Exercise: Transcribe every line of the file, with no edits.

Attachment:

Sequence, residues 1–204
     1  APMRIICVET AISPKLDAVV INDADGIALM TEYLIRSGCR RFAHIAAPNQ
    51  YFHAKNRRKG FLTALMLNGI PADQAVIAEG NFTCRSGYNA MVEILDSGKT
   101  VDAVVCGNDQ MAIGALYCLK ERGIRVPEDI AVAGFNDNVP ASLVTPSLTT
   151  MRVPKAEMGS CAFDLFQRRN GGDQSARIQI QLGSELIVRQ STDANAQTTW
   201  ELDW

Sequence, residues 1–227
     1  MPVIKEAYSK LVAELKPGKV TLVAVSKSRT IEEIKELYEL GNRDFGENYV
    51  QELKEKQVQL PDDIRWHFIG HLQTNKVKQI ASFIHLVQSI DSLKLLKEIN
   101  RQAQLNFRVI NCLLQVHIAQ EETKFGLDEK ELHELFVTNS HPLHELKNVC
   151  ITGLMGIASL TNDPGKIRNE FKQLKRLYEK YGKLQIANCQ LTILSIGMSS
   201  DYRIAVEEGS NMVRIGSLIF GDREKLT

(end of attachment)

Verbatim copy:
Sequence, residues 1–204
     1  APMRIICVET AISPKLDAVV INDADGIALM TEYLIRSGCR RFAHIAAPNQ
    51  YFHAKNRRKG FLTALMLNGI PADQAVIAEG NFTCRSGYNA MVEILDSGKT
   101  VDAVVCGNDQ MAIGALYCLK ERGIRVPEDI AVAGFNDNVP ASLVTPSLTT
   151  MRVPKAEMGS CAFDLFQRRN GGDQSARIQI QLGSELIVRQ STDANAQTTW
   201  ELDW

Sequence, residues 1–227
     1  MPVIKEAYSK LVAELKPGKV TLVAVSKSRT IEEIKELYEL GNRDFGENYV
    51  QELKEKQVQL PDDIRWHFIG HLQTNKVKQI ASFIHLVQSI DSLKLLKEIN
   101  RQAQLNFRVI NCLLQVHIAQ EETKFGLDEK ELHELFVTNS HPLHELKNVC
   151  ITGLMGIASL TNDPGKIRNE FKQLKRLYEK YGKLQIANCQ LTILSIGMSS
   201  DYRIAVEEGS NMVRIGSLIF GDREKLT